However, I had a conversation with a friend shortly after NYSC began. He was convinced about his plans for graduate school outside Nigeria; and he suggested that I shoot my shots at schools too. The idea was, even if I had no plans to leave, it was okay to have other valid options. So, when he sent links and encouraged me to go through them; to see if I could find any that interested me, I went for it. I did, partly because things were already not looking optimistic. Due to the poor economy situation and the job market being unfavourable. I made several applications and got many rejections in the same breath. This did not deter me though because I knew that I had only one leg in, anyway.
The last knock on the coffin for my indecisiveness came when one of the applications went through; and the university asked me to join a research group for one of the programs I applied into. At that point, I knew that I could not continue to hold on to the uncertainty that Nigeria brought to my dreams. Staying back in Nigeria was only going to give me the option of doing something I had to do as an adult to survive; not necessarily what I wanted to do with my life. I knew that I would have been unable to dream, I would only continue to struggle to make ends meet. But this was an opportunity that presented itself. That was when I decided I would take a leap of faith and follow the next available ride out.
Did you consider other countries or it was simply “Canada ways” for you?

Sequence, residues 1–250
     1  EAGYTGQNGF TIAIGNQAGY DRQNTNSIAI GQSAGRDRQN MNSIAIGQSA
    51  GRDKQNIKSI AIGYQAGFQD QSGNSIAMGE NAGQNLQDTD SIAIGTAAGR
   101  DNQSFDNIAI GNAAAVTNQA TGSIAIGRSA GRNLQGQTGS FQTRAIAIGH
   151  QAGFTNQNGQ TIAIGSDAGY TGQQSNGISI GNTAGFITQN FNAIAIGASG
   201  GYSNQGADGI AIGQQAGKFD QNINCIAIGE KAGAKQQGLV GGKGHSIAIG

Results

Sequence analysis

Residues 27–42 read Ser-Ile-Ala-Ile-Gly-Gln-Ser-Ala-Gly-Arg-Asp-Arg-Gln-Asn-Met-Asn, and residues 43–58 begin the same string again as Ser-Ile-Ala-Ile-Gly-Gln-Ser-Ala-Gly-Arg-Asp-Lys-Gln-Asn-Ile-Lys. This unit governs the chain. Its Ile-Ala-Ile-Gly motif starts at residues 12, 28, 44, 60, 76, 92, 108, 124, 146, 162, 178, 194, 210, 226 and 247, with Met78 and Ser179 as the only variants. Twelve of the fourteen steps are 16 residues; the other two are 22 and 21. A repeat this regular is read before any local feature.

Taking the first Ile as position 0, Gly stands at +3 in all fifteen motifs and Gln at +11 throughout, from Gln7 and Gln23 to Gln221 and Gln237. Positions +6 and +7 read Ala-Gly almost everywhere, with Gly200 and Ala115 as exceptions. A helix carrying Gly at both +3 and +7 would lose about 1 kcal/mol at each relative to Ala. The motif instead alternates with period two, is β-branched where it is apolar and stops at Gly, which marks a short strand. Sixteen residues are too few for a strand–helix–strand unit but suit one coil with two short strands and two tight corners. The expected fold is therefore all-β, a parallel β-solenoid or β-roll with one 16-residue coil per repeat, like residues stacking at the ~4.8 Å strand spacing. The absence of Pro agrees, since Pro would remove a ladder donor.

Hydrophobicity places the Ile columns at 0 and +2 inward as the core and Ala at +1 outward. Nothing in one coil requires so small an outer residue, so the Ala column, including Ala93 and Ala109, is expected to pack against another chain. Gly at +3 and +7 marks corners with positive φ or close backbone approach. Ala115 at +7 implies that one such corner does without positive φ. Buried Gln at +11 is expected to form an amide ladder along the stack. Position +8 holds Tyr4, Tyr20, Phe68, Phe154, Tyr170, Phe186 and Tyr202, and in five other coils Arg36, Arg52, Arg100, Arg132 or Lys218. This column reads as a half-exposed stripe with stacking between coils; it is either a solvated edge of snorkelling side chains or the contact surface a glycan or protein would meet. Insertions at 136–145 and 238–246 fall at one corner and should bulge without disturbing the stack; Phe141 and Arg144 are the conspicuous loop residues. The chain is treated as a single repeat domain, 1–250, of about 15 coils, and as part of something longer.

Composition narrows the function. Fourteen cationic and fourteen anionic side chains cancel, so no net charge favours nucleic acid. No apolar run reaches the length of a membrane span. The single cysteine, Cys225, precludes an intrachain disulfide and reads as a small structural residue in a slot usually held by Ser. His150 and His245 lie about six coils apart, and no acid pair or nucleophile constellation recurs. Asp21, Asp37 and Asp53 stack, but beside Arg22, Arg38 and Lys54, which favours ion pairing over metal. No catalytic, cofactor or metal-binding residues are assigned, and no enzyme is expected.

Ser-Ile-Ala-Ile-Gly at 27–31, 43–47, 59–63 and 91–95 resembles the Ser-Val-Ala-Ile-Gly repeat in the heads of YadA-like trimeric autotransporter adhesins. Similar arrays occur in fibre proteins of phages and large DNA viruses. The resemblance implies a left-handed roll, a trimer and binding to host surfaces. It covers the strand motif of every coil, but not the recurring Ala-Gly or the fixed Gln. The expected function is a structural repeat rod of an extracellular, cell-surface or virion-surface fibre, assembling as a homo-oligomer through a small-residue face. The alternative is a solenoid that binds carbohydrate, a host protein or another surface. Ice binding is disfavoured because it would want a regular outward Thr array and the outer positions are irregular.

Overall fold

TN: No, I did not consider other countries. A lot of the other countries requested English language tests or an equivalent before applications could be made. Canada gave me the option of not having to write these exams and that was attractive for me. I also admired their immigration policies came with perks that are favourable and that did it for me too.
Did you have relatives before you left for Canada?
TN: No, I did not. As at when I applied and made plans to leave, I did not know anyone in Canada. However, on obtaining my admission, I knew that I needed connections. So, I started looking for people that I could connect with via LinkedIn. I made searches and found quite a number of people that I messaged. A few got back to me and where they could not offer much help; they referred me to the people that they also knew could help.
It was through this avenue that I met the amazing lady that housed me for a whole month when I first arrived in Canada. She took me in and took care of me. She offered support for everything I needed right until I was able to get my own place. It probably would have been more difficult; if I had arrived and did not know anyone in this completely new world. But I got lucky by virtue of the connections that I made and it helped pave the way for me.
How did you fare? was it everything you dreamt of or perhaps, a different reality?